Loyola University Chicago

School of Communication


Remembering Keith Kimmons

Remembering Keith Kimmons

August, 2013--Loyola’s high-tech Convergence Studio can be a confusing place for new students, but studio manager Keith Kimmons was always around to help. 

Kimmons died on August 10 after a lengthy battle with cancer. He had worked in the School of Communication since 2010.

The School of Communication held a memorial for Kimmons on August 29 in the Convergence Studio where he worked. The event was attended by a full house of faculty, staff and students; many took time to speak about how Keith had touched their lives.

Among the speakers at the memorial was Varnell Kimmons, Keith’s mother. She spoke of him as a gentle and caring man who loved his family, working with others and his commitment to Loyola. 

“He truly loved Loyola. He loved his work, he loved the kids,” she said.

Kimmons had an impact on current and former Loyola students. Beth Konrad, a journalism professor, brought the condolences of four alumni who had secured jobs after graduation, saying they never would have found jobs without his teaching.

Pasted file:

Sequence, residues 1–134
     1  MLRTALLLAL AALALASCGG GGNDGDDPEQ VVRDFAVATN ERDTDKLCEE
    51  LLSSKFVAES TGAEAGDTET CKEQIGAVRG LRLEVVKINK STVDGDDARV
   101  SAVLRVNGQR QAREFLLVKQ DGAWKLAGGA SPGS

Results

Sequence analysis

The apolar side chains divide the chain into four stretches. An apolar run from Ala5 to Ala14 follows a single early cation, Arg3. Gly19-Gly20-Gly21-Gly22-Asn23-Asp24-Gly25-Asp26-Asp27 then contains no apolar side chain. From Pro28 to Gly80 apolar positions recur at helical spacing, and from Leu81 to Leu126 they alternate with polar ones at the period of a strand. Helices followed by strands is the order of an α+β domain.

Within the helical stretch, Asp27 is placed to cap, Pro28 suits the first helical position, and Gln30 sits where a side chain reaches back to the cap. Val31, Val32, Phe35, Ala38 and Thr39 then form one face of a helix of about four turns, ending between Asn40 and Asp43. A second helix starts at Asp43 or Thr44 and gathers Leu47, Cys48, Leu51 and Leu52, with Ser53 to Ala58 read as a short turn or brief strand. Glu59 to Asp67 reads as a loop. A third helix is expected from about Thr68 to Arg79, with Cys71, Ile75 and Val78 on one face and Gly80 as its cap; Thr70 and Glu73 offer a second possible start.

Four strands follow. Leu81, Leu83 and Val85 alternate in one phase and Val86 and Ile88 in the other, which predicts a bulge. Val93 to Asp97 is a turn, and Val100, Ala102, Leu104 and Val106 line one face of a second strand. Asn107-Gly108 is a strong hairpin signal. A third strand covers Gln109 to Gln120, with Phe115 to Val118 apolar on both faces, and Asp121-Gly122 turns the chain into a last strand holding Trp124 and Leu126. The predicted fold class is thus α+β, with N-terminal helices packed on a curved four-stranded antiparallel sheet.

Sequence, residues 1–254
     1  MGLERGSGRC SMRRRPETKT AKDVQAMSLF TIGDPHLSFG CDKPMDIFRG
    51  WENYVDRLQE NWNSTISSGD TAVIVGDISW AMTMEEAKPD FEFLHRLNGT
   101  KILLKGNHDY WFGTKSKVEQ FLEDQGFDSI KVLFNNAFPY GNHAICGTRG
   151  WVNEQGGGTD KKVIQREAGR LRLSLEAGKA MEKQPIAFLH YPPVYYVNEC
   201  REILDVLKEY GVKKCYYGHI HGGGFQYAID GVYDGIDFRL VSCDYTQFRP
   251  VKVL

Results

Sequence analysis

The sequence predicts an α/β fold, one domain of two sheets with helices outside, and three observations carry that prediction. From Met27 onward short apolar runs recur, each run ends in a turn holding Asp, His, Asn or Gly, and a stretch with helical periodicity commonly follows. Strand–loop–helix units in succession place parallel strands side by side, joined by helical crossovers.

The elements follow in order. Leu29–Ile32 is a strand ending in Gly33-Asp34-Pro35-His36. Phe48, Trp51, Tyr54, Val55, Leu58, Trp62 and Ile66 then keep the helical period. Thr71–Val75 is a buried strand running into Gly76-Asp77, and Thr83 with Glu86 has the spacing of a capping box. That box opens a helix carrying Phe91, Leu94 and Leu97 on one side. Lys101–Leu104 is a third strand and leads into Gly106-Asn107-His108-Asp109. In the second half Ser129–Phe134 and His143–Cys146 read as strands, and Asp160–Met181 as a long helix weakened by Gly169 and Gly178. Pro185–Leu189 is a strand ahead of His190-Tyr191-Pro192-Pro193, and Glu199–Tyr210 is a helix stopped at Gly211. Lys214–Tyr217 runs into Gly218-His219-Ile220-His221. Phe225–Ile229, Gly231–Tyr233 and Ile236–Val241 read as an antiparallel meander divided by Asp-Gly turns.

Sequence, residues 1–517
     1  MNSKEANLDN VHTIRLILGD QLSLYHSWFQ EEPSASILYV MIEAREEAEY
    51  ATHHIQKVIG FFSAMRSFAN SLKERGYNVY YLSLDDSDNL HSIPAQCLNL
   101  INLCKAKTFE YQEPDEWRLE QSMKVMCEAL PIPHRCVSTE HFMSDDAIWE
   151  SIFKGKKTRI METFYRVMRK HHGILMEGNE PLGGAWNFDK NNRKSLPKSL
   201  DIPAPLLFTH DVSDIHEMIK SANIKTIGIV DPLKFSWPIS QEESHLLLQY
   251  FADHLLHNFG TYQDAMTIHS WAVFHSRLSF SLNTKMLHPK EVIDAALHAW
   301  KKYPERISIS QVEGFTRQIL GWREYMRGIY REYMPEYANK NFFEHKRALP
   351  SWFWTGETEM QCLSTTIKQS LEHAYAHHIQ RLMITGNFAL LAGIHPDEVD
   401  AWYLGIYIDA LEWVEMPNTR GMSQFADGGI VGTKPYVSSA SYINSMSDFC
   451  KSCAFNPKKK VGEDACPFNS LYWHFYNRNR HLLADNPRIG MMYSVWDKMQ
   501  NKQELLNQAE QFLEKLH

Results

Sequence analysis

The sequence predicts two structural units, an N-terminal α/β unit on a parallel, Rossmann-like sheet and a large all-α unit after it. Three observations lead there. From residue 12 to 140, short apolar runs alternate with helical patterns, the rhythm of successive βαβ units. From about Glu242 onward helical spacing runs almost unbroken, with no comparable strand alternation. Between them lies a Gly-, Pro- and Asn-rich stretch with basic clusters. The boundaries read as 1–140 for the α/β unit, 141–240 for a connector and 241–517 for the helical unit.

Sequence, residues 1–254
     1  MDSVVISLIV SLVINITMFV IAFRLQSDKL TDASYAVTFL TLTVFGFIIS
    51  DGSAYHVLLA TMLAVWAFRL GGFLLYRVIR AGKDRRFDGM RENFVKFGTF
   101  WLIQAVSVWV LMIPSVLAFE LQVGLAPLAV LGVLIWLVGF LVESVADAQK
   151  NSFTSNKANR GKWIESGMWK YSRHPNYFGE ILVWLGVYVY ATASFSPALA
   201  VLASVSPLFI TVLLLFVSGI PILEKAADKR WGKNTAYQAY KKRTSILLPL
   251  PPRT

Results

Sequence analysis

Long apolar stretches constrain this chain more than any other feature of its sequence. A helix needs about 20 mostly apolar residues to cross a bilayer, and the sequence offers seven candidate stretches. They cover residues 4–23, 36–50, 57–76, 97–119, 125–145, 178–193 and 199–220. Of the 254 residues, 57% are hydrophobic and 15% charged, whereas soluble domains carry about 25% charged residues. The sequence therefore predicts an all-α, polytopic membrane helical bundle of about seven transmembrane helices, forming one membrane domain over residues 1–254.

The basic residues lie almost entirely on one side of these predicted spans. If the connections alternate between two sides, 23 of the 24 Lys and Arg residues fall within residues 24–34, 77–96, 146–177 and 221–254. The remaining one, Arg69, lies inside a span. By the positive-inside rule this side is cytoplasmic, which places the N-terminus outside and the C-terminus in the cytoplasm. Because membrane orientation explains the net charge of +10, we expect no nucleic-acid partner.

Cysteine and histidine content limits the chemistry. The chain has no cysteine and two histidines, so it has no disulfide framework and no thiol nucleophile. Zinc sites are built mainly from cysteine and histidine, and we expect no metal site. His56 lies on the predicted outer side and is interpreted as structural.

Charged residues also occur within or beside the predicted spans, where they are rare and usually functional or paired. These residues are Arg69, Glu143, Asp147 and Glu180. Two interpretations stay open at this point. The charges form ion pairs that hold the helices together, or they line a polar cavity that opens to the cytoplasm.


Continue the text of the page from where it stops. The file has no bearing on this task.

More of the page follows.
Kimmons also worked with student productions at Loyola like Rambler Productions and Rambler Sports Locker, a student-run sports news show that airs an episode every week. 

Megan Carabelli, a senior who works on Rambler Sports Locker, described Kimmons as a master of technology who was essential to running the show. Carabelli remembers Kimmons as a patient teacher who never became frustrated with any student. 

“He was one of the most unique teachers I have ever had in that he knew if he said it once we were listening.” 

Nick Amantangelo was a freshman secondary education and history major when he stepped into the studio for the first time. He said he didn’t know much about television or journalism, but was passionate about sports and wanted to learn. 

“I didn’t know anything, and Keith was so influential at the time,” said Amantangelo. “I changed my major to journalism because of my experiences with Sports Locker.” 

Amantangelo said he learned everything from how to turn on a camera to how to edit the final show from Kimmons. 

He recalls a time when he wanted to learn how to work the switcher, the device that controls which camera is used during a broadcast. He said it took him months, but Kimmons was always around to help. 

“Because of his teaching I’m confident I can succeed in journalism,” he said. “I’m honored to have known him.”